curve, is mind boggling."
That includes learning that there may never be proof of the effectiveness
of wearing mask.
"Hui adds that the lack of solid evidence supporting the effectiveness
of masks against the virus is no reason to dismiss its use, because
there may never be definitive scientific proof. A properly controlled
study would be impossible to conduct ethically, he explains. “You can’t
randomize people to not wear a mask, and some to wear a mask, and
then expose them all to the virus,” he says.
Wearing a mask, she explains, has become a “symbol and a tool of
protection and solidarity”—even if research proving their efficacy
is lacking. “Mask wearing is not always a medical decision for many
people, but bound up in sociocultural practice,” she adds.
Other random notes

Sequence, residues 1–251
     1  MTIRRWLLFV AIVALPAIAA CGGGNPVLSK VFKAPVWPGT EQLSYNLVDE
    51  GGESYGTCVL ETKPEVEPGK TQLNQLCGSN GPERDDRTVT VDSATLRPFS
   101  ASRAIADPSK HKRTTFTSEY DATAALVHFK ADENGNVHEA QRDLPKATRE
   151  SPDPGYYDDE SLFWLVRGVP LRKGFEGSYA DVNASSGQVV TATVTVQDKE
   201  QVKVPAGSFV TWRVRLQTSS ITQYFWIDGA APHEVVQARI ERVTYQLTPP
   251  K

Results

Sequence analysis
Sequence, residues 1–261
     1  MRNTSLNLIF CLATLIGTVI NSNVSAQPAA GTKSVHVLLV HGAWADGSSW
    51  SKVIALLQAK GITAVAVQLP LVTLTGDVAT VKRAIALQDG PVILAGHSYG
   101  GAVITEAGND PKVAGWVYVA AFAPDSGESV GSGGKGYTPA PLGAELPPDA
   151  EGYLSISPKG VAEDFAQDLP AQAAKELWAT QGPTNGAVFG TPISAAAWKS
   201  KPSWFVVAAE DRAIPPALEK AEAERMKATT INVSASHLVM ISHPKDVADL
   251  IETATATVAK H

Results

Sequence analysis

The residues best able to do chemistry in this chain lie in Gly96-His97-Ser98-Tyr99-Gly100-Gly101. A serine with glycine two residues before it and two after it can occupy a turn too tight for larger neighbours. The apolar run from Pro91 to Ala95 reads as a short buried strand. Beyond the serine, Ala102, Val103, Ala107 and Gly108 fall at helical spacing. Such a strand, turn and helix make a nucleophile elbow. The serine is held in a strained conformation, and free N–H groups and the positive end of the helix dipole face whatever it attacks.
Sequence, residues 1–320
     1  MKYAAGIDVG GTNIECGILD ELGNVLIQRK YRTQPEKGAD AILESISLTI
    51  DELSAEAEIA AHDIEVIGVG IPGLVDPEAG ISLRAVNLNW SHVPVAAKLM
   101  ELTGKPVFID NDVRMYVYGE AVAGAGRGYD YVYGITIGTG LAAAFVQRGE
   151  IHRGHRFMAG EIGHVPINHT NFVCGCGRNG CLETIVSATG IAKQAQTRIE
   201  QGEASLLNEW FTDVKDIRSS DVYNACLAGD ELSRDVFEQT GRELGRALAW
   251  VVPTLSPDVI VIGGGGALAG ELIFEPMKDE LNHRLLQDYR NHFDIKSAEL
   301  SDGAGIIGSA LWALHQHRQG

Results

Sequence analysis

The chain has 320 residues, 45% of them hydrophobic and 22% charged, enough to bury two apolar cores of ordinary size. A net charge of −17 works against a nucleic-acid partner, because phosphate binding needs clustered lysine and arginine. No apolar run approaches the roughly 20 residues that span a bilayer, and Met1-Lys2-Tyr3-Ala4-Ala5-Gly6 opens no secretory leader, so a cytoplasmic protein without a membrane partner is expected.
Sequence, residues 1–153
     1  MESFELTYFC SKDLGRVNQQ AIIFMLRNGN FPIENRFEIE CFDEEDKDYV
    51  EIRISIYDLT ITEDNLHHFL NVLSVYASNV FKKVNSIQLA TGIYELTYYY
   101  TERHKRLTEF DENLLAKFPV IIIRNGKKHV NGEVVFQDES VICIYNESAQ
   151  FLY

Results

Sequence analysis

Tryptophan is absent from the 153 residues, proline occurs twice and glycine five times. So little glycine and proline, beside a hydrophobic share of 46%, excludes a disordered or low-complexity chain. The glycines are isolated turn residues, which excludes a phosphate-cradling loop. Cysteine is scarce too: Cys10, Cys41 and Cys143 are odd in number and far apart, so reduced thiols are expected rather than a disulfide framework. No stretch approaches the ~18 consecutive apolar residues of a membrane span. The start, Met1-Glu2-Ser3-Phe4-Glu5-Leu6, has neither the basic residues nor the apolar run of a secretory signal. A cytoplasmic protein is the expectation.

There are other benefits in more widespread use of masks. Shan
Soe-lin, a lecturer in public health at Yale University,
said the sight of everyone in masks can stimulate behavioural
change by signalling the seriousness of the pandemic and
the need for protection.
“It reduces stigma and encourages others to wear masks, which
further amplifies the collective benefits,” she added.
Researchers have known for a long time that people are susceptible to
"behavioral mimicry," meaning we're quick to copy those around us.
“Unfortunately, social stigma, blame and discrimination are
recurrent phenomenas during outbreaks over history,”
Schoch-Spana says. “It’s really tied up in the fact that people
often need to fix blame during an outbreak of a contagious disease.”
Social media has also helped people to share their experiences and
raise awareness of what is happening, an important component in
combating racism and xenophobia.
“There’s also, actually, a more frequent impulse to stand together
in a community to deal with a potential infectious disease.”
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